The 66 counties were divided among the state's three major health systems, Mobridge Hospital, and the Northern Plains Health Network, including Huron Regional Medical Center, Prairie Lakes Healthcare in Watertown, Madison Regional Health System, and Brookings Health System. Avera and Sanford agree to share responsibilities in the state's most populous East River counties, Minnehaha and Brown.
Each system receives a weekly supply of vaccines from the state's allocation, depending on their needs. (The VA, the IHS, and federal retail pharmacies receive their own supplies from federal allocations.)
"Each side has a vaccine coordinator they make their requests," says Dr. Erickson. "Avera has 24 sites around Eastern South Dakota where we administer these vaccines. We have an internal currier and distribution system from Sioux Falls. Our goal is to have shots in arms within a week of receipt of the vaccines."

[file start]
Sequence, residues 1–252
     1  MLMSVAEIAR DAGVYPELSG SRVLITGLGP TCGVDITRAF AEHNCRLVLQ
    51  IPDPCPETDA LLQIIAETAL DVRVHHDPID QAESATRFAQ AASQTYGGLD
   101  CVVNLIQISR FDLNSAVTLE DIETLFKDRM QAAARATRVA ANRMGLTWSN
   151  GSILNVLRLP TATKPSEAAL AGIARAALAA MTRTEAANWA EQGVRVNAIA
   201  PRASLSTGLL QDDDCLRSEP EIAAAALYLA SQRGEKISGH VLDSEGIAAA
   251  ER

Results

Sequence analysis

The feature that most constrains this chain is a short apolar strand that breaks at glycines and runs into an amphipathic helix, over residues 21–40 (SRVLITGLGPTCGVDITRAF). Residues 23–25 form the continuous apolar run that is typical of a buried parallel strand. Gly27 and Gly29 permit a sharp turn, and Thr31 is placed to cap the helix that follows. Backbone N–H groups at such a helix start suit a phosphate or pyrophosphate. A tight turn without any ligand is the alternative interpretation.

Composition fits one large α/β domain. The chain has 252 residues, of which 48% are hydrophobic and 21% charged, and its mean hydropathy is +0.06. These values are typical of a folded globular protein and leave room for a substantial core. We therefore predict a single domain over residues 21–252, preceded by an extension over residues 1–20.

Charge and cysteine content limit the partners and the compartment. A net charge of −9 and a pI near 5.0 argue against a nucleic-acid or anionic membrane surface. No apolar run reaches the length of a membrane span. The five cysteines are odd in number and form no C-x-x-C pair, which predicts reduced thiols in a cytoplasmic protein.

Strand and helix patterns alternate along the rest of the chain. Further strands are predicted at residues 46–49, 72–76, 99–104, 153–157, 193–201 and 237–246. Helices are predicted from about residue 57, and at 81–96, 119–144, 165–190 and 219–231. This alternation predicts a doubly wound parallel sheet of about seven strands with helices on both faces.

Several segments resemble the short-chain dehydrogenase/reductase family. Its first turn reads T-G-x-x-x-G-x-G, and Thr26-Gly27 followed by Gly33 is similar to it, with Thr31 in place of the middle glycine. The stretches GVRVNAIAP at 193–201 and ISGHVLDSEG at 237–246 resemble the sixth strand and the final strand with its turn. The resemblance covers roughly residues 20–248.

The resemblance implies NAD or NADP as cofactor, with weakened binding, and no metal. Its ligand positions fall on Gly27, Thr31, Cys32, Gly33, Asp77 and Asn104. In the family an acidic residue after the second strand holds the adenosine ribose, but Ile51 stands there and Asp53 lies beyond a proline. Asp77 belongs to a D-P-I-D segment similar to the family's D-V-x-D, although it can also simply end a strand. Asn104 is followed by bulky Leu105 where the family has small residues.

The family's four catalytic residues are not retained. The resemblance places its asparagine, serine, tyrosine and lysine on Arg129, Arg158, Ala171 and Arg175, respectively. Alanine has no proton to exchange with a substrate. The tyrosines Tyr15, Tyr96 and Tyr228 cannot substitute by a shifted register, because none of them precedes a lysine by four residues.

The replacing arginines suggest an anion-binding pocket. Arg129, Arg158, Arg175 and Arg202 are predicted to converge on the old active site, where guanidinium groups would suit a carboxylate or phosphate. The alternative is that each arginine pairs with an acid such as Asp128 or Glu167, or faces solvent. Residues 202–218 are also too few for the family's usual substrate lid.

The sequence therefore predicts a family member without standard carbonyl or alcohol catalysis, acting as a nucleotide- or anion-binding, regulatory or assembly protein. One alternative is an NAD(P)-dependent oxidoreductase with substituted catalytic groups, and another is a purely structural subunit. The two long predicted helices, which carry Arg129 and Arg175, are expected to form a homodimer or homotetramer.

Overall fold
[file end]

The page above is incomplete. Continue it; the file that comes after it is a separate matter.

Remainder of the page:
"There are trades back and forth depending on where we're going that week," says Dr. Cauwels. "Every day is sort of a work in progress to make sure that Sanford, Avera, and Monument are doing the things they need to do to make sure that people get taken care of. This vaccine doesn't do any good in our freezers."
Doing What They Do Best
Vaccinating people against a pandemic is new territory, but South Dakota's health systems are no strangers to providing vaccinations - even in remote, rural areas.
"It's important to remember that we gave a quarter million flu shots before the COVID-19 vaccine was even available," says Dr. Cauwels. "This is something we know how to do and we do it very well. In South Dakota, we are willing to cover miles, put things in vans, transport things. We just have to make sure there are people ready to use those vaccines when we get them there."